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preiew print

re-corporealising MRI data

Jennifer Crouch - January 29, 2024

the original language of this article is English

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about this contribution

MRI is a non-invasive biomedical imaging technology that visualizes tissues within the body. Corporeal matter as perceived by MRI straddles definitions of substance, organism, subject, and object. MRI interacts with the body through nuclear magnetic resonance and creates biomedical images using electrodynamics, signal analysis, and mathematics.

MRI brings us into contact with the body as a patient, a person, a biological environment, pathology, and as an assemblage of biochemical reactions charted by a medical geography. It reminds us that we contain autonomic organs, tissues, cells, molecules, and that we are atomic, and composed molecularly. In other words, the body acts beyond us. Here, I explore MRI through creative practice, using pan.able to create an embedded and relational assemblage of my practice, and how it interacts with MRI. My point of departure is to identify interfaces in MRI as “places”, sites or moments where separate entities become connected and where a change in force or informational transfer occurs. During an MRI scan, a powerful magnetic field moves across the body-machine interface, interacting with bodily matter on the subatomic level. The interactions of the scanner result in the protons within the subject emitting radio frequency pulses which are detected and transformed into a digital biomedical image using computational processes.

Through a practice of “re-corporealisation”, the art practice described in this article explores corporeality and the philosophical concept of the abject as crucial to our subjectivity. This art project examines the MRI process as partly composed of the body-machine and analogue-digital interfaces resulting in artworks that interact with and emerge from MRI. I created sculptures called phantoms using tissue-mimicking materials (TMMs), named after scientific devices of the same name. Phantoms are used in biomedical imaging as stand-ins for human tissue, and used to calibrate, test, and verify scanning protocols. My sculptural phantoms are materials-led objects made to interact at the body-machine interface and be sensed by MRI. They are recognized and treated as semi-figurative body proxies and came to inform my understanding of my personal experience of cancer and medical treatment. I scanned my phantoms at the Francis Crick Institute, London and the Future Technology Centre, Portsmouth, where I was able to explore the potential of an art object as a scientific device and create further parity between them and my medical subjectivity.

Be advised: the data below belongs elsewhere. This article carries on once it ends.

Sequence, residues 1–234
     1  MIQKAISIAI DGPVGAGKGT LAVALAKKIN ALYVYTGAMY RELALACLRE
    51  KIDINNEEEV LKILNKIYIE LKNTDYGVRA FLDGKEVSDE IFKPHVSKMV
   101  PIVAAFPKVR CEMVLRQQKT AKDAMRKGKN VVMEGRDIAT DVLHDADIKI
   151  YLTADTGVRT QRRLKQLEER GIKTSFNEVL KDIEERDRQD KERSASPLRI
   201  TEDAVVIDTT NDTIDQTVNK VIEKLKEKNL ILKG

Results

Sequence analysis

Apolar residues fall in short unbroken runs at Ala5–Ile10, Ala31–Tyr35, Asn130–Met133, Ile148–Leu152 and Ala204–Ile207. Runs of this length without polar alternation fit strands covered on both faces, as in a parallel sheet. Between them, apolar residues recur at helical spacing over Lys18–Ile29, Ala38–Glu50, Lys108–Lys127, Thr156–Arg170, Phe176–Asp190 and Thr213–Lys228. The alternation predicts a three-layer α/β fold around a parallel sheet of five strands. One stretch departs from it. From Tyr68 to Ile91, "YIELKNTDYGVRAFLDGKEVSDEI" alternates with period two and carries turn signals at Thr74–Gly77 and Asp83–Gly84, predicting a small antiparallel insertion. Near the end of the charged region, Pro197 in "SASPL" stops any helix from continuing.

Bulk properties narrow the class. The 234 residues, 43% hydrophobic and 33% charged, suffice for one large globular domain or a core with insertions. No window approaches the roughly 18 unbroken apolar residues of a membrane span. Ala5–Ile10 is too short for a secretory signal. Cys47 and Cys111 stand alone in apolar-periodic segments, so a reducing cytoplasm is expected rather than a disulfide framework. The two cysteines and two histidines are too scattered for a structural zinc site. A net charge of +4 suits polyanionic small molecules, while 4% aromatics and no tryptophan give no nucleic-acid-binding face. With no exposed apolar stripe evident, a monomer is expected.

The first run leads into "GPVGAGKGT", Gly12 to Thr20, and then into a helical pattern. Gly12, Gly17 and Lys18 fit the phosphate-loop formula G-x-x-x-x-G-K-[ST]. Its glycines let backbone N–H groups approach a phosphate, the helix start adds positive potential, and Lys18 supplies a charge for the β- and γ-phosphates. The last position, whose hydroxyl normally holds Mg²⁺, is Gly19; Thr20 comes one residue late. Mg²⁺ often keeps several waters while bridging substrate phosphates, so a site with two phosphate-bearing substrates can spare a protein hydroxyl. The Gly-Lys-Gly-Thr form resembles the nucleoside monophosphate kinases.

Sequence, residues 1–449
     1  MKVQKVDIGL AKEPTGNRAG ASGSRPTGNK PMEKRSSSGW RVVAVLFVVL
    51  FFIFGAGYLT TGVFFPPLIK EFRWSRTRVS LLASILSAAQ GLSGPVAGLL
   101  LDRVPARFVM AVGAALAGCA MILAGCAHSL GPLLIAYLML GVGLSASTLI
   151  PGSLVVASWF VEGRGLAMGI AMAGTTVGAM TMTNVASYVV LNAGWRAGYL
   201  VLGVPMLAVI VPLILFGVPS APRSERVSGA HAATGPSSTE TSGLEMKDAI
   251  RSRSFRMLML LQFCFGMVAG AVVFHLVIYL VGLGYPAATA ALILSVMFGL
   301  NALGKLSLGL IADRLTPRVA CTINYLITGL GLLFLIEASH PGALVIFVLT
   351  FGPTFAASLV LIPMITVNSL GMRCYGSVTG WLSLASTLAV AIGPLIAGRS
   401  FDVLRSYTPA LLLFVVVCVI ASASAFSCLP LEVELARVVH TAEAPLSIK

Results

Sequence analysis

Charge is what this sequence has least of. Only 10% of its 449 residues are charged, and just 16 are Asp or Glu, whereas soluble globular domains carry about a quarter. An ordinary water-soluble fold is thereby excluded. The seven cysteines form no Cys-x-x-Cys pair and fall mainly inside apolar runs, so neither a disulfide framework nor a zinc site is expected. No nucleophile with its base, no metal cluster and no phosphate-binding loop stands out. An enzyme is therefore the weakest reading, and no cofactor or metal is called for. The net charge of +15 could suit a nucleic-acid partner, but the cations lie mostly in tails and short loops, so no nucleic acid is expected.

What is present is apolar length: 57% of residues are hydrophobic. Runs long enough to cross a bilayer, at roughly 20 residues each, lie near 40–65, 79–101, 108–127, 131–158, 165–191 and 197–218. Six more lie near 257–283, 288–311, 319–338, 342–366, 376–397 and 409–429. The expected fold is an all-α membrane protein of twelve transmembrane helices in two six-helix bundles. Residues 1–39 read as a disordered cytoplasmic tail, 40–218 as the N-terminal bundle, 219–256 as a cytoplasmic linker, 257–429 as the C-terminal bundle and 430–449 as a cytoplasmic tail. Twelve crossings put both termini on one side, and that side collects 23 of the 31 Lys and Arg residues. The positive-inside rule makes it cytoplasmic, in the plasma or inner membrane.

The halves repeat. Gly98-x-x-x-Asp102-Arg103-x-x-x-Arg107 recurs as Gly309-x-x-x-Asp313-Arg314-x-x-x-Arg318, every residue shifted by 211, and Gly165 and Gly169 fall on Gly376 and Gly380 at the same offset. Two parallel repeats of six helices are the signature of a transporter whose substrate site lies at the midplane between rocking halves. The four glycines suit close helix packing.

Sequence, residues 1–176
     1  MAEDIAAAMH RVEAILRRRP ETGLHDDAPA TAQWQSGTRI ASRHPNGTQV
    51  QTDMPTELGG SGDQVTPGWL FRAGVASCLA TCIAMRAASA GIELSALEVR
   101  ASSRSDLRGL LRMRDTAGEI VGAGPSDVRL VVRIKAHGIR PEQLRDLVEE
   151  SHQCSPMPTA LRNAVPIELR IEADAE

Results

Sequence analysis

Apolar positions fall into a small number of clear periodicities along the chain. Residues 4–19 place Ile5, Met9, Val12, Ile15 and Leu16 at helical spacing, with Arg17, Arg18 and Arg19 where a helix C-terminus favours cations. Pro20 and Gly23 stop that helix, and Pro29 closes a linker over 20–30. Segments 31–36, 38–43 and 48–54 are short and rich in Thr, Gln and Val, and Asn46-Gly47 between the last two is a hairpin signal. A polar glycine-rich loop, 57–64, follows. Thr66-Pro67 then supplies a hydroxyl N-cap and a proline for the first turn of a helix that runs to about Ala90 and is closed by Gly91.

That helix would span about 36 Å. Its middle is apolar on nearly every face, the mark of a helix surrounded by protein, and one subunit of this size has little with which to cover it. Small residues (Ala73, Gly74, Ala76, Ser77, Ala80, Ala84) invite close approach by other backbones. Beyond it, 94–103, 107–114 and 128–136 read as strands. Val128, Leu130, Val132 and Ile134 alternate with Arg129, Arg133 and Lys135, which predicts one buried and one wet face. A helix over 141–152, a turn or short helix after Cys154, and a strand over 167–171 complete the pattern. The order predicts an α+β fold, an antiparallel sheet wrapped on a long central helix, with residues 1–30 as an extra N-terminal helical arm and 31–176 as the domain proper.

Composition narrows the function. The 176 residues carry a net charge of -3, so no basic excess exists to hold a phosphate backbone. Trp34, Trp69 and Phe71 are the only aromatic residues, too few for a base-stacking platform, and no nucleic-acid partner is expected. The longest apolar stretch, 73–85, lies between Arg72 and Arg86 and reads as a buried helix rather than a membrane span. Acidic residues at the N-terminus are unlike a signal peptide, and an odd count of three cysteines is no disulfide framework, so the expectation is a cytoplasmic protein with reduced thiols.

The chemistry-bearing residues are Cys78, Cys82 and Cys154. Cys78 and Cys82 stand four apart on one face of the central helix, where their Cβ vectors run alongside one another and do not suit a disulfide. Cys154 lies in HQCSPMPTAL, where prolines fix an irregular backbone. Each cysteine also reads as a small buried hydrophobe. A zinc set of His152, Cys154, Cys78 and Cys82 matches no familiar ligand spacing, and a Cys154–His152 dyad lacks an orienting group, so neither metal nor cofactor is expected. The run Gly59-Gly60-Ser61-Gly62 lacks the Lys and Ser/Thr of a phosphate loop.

At the analogue-digital interface, I use weaving (also a body-machine interface) to explore how the signals from the body become biomedical images. I analyze and visually represent the different mathematical properties needed to make an MRI image: frequency, amplitude, phase, sequence, precession, signal-to-noise ratio, real and imaginary numbers. By translating these into images, weave drafts, and weaving them into textural patternings, I create re-corporealised, hand-woven deconstructed reconfigurations of the informational transfers that take place at the analogue-digital interface. The shared lineage of the computer and loom helps me to understand and enact how weaving and computational technologies operate. Part of the process or re-coporealisation was to make MRI processes knowable through my own body and my woven work.

MRI makes us aware of different kinds of entanglements: MRI emerges with the body which charts both self and health. Electrons, textiles, signals, TMMs, and movements through the loom are entangled with the phenomenon of corporeal matter, my experience of cancer, and cancer treatment. These entanglements are visualized in my pan.able article through interacting layers, transparencies and opacities, overlapping photographic records of my work, photos of the lab, phantom-making, computer screens, stages of weaving, handwritten notes, sketches, and illustrations. Linking and relinking multiple concepts through patches of transparency helped me to convey how multi-scalar entities and systems in my research and practice are entangled, embodied, and embedded.

credits

author: Jennifer Crouch (PhD), artist and researcher

designer: Jennifer Crouch

financial support: University of Portsmouth, CCI Faculty bursary

acknowledgments: 

Dr Bernard Siow, MRI Department, Biological Research Facility In Vivo Imaging, Francis Crick Institute, London

Dr Heather Fitzke, Department of Imaging, Division of Medicine, University College London (UCL)

The Eldon Production Centre (EPC), 3D Studios, Faculty of Creative and Cultural Industries, University of Portsmouth

The Future Technology Centre (FTC), University of Portsmouth

Centre for Biomedical Imaging (CABI), University College London (UCL)

Professor Mark Lythgoe CABI, UCL

University of Portsmouth, CCI Faculty bursary

references and rights

illustration copyrights

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Jennifer Crouch, Re-Corporealising MRI Data. 2023. Photos and graphic design credits: Jennifer Crouch. Reproduced with permission.

bibliography and references

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to cite this article

This article is using Chicago format for its references

Crouch, Jennifer. 2024. “Re-Corporealising MRI Data: A Practice-Based Investigation Through Art and Science.” .able journal: https://able-journal.org/en/re-corporealising-mri-data

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